Marcet’s students can be trained academically without compromising their usual educational system.
Fathy lives in Barcelona but studies through a Parisian school. The French midfielder moved to Spain last year to train at the Marcet Academy. Once he had made that decision, his family was concerned about how his academic life would be affected by football. Not all too keen on Fathy losing years of education by spending valuable time on adapting to the Spanish educational system, Marcet’s International Study Center Barcelona (MISCB) provided the solution they were looking for.
“I have online lessons every day,” explains the young Parisian athlete. “We answer the teachers’ questions through an online chat and are given tasks and exercises online. It’s a really good system because it makes football and studies compatible.”
“blended learning combines the benefits of a traditional schooling system with the flexibility offered by modern technologies”
“Fathy and his colleagues are in Barcelona, but they’re still studying through schools in their own respective countries,” says Hermina del Castillo, academic tutor at MISCB. “It’s as if it were a classroom at their own school, because the kids have constant access to their teachers, immediate feedback, and are evaluated on participation.”
This is possible thanks to blended learning, a mixed learning system that combines the benefits of a traditional schooling system (accredited courses, specialized teachers, academic tutors, individual assistance…) with the flexibility offered by modern technologies (multimedia resources, video conferences, virtual environments…). For example, all schools involved record their classes. Thus, if a student can’t make it to the lesson due to illness, the tasks set that day can be easily accessed.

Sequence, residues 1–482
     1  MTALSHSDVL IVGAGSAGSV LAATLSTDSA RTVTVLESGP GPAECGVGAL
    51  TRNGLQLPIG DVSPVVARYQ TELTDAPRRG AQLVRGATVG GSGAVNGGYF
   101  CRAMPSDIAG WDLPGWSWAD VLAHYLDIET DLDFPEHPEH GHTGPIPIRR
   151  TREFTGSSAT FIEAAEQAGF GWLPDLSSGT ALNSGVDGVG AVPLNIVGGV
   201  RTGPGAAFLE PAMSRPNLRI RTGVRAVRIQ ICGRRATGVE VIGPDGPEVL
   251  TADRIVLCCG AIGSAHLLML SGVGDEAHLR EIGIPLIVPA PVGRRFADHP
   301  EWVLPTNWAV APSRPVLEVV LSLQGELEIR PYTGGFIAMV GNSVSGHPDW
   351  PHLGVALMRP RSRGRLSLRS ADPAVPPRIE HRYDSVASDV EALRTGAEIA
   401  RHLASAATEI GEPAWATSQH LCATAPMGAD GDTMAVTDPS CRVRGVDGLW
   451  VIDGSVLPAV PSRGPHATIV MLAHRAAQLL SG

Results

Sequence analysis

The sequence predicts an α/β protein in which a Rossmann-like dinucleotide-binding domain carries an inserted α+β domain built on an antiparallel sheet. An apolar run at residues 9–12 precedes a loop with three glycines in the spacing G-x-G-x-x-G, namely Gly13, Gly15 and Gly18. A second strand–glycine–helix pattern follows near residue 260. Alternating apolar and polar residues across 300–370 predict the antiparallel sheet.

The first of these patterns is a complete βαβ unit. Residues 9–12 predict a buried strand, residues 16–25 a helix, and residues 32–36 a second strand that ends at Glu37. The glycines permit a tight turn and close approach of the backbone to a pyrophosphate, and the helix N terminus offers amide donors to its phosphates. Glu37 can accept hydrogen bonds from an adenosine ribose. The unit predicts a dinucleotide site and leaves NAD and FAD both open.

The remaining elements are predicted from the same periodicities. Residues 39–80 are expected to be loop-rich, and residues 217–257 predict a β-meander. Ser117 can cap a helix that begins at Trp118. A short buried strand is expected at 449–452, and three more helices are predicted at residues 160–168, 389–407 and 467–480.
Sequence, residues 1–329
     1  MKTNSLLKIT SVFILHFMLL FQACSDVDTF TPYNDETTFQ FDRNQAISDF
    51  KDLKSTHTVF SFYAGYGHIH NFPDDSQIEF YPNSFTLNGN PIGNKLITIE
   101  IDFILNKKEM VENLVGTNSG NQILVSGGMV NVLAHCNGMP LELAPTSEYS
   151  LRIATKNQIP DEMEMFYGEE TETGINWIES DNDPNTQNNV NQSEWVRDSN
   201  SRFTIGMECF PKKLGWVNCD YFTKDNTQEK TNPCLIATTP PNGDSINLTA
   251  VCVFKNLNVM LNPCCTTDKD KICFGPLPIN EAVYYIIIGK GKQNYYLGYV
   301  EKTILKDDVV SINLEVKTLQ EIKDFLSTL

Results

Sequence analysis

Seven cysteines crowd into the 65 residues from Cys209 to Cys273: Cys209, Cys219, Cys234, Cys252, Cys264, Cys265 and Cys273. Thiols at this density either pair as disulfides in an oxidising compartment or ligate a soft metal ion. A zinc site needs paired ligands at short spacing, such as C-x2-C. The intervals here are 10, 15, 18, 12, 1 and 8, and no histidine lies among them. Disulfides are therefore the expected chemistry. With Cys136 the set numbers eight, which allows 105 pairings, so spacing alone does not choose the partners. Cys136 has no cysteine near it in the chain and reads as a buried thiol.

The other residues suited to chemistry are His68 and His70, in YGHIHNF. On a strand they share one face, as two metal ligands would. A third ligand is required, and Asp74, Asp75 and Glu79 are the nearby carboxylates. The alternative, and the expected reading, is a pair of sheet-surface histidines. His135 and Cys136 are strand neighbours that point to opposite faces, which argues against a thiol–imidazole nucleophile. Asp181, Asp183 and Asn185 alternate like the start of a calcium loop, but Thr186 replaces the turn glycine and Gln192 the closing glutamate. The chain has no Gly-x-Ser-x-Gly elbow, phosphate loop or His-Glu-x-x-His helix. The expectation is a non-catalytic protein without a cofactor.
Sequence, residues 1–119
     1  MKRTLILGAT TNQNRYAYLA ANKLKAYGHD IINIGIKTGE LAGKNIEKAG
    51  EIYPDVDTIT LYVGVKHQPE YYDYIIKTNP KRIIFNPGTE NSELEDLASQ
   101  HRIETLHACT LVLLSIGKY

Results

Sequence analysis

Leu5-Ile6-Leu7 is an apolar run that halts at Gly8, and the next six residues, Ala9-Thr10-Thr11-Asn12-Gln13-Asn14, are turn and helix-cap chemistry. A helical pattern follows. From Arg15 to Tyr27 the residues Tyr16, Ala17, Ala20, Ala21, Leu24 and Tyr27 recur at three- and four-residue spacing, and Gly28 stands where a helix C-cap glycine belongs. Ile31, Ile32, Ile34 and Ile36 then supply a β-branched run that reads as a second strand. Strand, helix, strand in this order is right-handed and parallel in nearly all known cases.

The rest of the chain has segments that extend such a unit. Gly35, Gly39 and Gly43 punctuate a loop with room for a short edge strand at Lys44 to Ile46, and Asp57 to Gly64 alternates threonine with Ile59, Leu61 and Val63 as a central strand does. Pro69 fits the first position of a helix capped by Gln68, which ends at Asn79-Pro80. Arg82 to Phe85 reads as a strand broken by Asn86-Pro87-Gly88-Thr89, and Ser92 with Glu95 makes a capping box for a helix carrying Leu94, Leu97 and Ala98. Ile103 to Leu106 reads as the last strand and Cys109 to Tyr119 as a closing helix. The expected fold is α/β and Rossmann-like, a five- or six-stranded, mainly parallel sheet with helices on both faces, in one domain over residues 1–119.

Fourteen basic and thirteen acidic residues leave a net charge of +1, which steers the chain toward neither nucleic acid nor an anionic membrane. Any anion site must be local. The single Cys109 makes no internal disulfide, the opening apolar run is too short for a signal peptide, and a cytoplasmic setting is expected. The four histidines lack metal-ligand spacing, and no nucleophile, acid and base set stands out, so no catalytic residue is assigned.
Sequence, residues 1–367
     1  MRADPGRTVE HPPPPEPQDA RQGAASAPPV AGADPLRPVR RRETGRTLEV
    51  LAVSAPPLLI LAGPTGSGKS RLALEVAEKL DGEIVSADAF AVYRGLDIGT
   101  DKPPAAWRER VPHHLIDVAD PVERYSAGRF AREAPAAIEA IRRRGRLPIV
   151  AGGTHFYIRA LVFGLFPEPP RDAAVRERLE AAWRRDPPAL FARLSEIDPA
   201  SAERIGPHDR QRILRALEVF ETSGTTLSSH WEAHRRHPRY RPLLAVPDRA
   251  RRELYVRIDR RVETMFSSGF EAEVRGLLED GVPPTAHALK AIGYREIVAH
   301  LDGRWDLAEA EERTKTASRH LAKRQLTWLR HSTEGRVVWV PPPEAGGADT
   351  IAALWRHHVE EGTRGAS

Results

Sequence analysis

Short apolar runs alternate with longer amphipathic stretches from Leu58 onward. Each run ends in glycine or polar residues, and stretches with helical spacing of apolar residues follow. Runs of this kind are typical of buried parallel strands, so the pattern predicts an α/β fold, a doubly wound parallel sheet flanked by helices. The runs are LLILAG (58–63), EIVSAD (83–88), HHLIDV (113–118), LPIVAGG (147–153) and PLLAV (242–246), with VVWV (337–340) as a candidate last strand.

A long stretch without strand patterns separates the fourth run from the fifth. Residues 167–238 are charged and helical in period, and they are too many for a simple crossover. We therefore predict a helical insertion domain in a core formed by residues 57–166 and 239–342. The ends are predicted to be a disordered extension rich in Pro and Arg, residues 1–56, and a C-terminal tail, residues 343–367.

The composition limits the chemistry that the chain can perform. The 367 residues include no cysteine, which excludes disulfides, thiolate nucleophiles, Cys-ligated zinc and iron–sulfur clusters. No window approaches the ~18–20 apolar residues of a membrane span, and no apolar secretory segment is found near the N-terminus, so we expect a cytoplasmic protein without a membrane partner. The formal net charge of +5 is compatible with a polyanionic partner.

“At no time ARE STUDENTS alone. they are always with a tutor who is there to help them and to supervising their progress”
Dozens of students from different countries attend Marcet’s International Study Center Barcelona every day. “We work with schools belonging to educational systems in the United States, the United Kingdom, France, Mexico and Russia,” explains the centre’s academic tutor, the person responsible for monitoring and supervising students’ progress. “At no time are they alone, they are always with a tutor who is there to help them, also making sure that they aren’t distracted by social networks or bringing their phones to the lesson.”
The tutor’s role also functions as a connection between the students themselves, their families and the schools giving the lessons, all of them being educational centres that have been working with pedagogical teams specialized in working at a distance for years. A system that fits Fathy and all the foreign football players who can train in Barcelona without having to adapt to a new academic system.